Much of the novel is spent discussing Dracula’s new properties, and the legal protocols he goes through with Renfield and Hawker. The Gothic literary world is similarly preoccupied with this fear, as a response to the growing industrialization, in addition to prevalent colonialism and racism. More recent vampire films have re-examined this fear of foreign invasion, sometimes transforming that fear to focus on colonizers and white people. I discussed in a previous post how effective this discussion is in films like Vampires Vs. The Bronx (2020), which modernizes, refocuses, and troubles this trope. I should mention, the fear of foreign invasion is not exclusive to vampire films, it’s widespread in horror. Take The Invasion of the Body Snatchers (1956), one of many films from which is terrified that someone will invade and blend in.

Dracula was released at the start of the Great Depression, when there was already uncertainty over jobs and class. This lends to the second prevalent fear in the film: ignorant modernity. Dracula is a Count, and although he is not a Count in England, he is still an aristocrat. He is well dressed, owns multiple castles, and is articulate, meaning that he belongs to a certain class and acts accordingly. He attacks three women in the film, two of which become vampires. The first woman he attacks is a flower seller, and the only reason he attacks her is because she is on the street at night and is poor. He doesn’t try to transform her; he just leaves her body on the street for others to notice. Dracula feeds off the poor, and only transforms the wealthy, those of equal class to him.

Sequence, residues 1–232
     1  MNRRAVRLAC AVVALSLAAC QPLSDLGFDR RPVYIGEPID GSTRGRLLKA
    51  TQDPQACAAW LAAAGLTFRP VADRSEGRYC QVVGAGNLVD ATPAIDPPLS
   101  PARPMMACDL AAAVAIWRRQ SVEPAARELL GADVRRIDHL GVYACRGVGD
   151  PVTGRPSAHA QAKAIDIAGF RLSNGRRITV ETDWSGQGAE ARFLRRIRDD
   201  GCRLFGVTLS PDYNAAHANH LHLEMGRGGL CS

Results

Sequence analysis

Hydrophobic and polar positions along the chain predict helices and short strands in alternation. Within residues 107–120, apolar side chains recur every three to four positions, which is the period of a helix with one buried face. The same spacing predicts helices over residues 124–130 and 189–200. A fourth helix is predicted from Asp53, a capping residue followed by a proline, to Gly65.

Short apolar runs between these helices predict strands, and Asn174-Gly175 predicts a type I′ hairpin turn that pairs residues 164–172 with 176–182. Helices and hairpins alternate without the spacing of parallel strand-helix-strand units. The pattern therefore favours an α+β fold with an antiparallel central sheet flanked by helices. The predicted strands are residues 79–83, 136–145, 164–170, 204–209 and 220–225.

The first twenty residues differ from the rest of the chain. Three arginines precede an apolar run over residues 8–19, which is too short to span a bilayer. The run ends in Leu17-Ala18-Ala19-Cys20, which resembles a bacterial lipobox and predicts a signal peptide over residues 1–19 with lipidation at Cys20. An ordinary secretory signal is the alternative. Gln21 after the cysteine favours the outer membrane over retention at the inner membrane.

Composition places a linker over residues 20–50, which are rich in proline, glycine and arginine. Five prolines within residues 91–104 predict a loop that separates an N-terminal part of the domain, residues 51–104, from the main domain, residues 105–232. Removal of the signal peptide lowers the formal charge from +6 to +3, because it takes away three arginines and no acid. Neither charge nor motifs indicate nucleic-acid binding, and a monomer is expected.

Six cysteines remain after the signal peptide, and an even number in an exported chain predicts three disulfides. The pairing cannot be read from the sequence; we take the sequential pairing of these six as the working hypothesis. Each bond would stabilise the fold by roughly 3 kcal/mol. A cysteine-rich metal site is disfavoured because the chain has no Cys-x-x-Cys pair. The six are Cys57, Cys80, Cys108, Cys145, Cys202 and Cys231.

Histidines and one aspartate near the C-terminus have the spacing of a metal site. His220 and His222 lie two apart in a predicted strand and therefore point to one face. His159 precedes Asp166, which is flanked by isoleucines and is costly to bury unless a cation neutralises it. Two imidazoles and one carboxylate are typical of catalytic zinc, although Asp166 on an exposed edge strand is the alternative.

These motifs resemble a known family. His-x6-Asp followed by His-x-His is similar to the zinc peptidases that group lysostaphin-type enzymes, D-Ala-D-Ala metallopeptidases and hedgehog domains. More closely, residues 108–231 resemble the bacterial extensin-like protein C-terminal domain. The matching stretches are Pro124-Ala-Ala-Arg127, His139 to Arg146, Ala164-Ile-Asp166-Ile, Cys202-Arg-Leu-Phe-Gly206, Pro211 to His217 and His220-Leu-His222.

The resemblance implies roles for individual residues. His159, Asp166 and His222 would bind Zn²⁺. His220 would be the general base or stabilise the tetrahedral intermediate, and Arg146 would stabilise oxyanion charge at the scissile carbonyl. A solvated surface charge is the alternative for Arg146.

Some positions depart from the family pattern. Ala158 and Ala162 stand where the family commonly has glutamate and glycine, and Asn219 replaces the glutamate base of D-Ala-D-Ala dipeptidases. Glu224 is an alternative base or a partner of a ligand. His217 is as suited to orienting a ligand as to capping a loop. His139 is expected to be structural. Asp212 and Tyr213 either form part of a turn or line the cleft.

The unnamed flower seller is also not the first woman to die in a Universal Picture simply for holding flowers. A young girl is murdered by the Creature in Frankenstein, which was also released in 1931, after she tries to explain that flower float. The Creature assumes that she will float too, and so he accidentally drowns her. That same dismissal happens in Dracula, as the Count assumes that the women is like her flowers, in that she too is for sale. I find this trend really interesting, because it almost seems like an extreme extension of the flowery language used against women. The idealization of women has become so excessive that monsters like Dracula and the Creature are unable to distinguish person from ideal language. Romantic poems might claim that women are like flowers, but that is taken literally by the figures in these films. Dracula also represents the old world, a land of curses and tradition which modernity seemingly chastises. The film claims that the old ways have more knowledge than modernity, as modern science isn’t the way to destroy Dracula. Van Helsing and his associates must look back at old superstition to defeat their foe, and they must study what has been dismissed by modernity.